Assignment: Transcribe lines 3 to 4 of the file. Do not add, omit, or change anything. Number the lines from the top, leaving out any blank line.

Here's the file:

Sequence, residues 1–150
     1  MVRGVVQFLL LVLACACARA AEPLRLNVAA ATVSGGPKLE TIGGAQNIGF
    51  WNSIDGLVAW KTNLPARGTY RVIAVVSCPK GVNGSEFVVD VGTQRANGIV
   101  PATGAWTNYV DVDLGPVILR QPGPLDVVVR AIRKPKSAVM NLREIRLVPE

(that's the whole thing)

    51  WNSIDGLVAW KTNLPARGTY RVIAVVSCPK GVNGSEFVVD VGTQRANGIV
   101  PATGAWTNYV DVDLGPVILR QPGPLDVVVR AIRKPKSAVM NLREIRLVPE